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"Boomburbs" Define New Growth Patterns
There's nothing like a new catchword to liven up the real estate industry. In the past, we've had "sprawl," "flip" and "big box."
Now, thanks to the latest U.S. Census, "boomburb" has been introduced to the lexicon.
So what is a boomburb? According to the Fannie Mae Foundation, a boomburb is an area that currently has more than 100,000 residents and has maintained double-digit rates of population growth in each recent decade, but is not the largest city in its metropolitan area. Boomburbs almost never have a dense central business area. And their housing, retail, entertainment, and offices are spread out and loosely configured.
"The boomburbs are elusive and not yet fully part of the public policy debate," said Stacey Davis, president and CEO of the Fannie Mae Foundation. "They are complicated places with potentially big problems that will need attention -- affordable housing, traffic jams, spread-out development, strained public services. But they also present opportunities for cities and suburbs to find regional solutions to their common challenges."
According to a new report by the Foundation -- Boomburbs: The Emergence of Large, Fast-Growing Suburbs & Cities In The U.S. -- the United States now has 53 boomburbs. They're located in 14 metro areas surrounding Phoenix, Los Angeles, San Diego, San Francisco, Denver, Miami, Tampa, Chicago, Las Vegas, Portland, Dallas, Salt Lake City, Norfolk and Seattle. Boomburbs range from Mesa, Ariz., with nearly 400,000 residents, to Westminister, Colo., with just over 100,000.
Four of them have more than 300,000 residents, eight have more than 200,000 and 41 exceed 100,000. These important -- but seldom talked-about -- areas account for 51 percent of growth in cities between 100,000 and 400,000 residents in the last decade.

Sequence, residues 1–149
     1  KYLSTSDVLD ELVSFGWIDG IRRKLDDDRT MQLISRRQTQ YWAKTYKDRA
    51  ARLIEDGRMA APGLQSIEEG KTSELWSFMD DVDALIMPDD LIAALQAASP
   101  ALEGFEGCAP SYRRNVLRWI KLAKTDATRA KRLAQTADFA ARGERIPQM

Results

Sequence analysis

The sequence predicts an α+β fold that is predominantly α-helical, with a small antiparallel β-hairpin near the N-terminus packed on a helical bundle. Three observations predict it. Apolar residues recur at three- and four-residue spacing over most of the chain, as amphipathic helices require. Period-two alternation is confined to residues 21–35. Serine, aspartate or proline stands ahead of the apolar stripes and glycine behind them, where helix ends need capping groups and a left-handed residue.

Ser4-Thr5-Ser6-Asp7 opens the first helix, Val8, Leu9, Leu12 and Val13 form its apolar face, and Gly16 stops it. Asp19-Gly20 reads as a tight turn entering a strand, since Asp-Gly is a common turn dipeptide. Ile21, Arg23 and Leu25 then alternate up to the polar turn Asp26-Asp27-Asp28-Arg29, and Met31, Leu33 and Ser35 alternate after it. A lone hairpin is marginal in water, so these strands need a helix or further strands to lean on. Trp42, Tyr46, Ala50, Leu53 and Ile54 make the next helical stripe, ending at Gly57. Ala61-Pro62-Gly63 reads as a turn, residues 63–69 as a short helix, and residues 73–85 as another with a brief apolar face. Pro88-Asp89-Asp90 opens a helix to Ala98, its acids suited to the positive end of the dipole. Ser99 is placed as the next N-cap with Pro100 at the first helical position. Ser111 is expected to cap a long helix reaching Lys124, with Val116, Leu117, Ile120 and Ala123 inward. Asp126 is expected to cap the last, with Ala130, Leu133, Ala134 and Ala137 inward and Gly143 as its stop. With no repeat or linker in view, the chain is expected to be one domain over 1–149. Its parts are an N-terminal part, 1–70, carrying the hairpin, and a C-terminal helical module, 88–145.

Since I grew up in one of the boomburbs listed in Fannie Mae's study, I was fascinated by the report's conclusions. My once-small hometown of Arlington, Texas, now counts nearly 330,000 residents, up more than 4,000 percent since 1950. Growing up in this exploding, spreading mass of suburbia, it never occurred to me that Arlington's growth patterns were unusual.
The Fannie Mae report, however, has corrected that notion. Boomburbs are all but foreign to the Northeastern, Southeastern and Midwestern United States. Limited almost entirely to the Southwest, boomburbs are prevalent in California, Arizona and Texas, which also happen to be a few of the states most often accused of suburban sprawl. In the Midwest, one boomburb has been established outside of Chicago. In the Southeast, three have sprung up around Miami, while one has exploded outside Tampa and one near Norfolk, Va.
Since almost half of these cities are in California, the report credits the boomburbs have helped foster master-planned community development and the need to form large water districts.
Because of their large size, boomburbs often have more diverse populations than smaller suburbs. Many are affluent, but virtually all Boomburbs contain lower-income neighborhoods as well. They are not -- myths to the contrary -- suburbs filled exclusively with middle-class, white families. Instead, they tend to attract people of diverse racial and ethnic backgrounds. For example, Hialeah, northwest of Miami, had a 70.4 percent foreign-born population in 1990. In Santa Ana (Orange County), Calif., 50.9 percent of the 1990 population was foreign-born.
Boomburbs generally grow out rather than up. While some have annexed land to expand their populations, others are land-locked and near a "build-out point." Landlocked boomburbs, such as Tempe, Ariz., are at a crossroad: if they want to keep growing, they must change their land use patterns to accommodate higher density development.
Exceptionally fast growth rates can cause extreme developmental problems, such as the traffic congestion of Los Angeles, the strained public services of San Francisco and the sprawl of Phoenix and Dallas.
Yet some see this as an opportunity, rather than a threat. Because of their large size and nearness to other large cities, boomburbs can be a part of regional solutions to big problems.
"Cities of all shapes and sizes have been on the comeback," U.S. Conference of Mayors President and Boise Mayor Brent Coles. "Older cities are coming alive again with new investment and activity. Newer cities are continuing to thrive. We need to grasp this moment in time and forge relationships that will help deliver a better quality of life for everyone."
Written by Lesley Hensell
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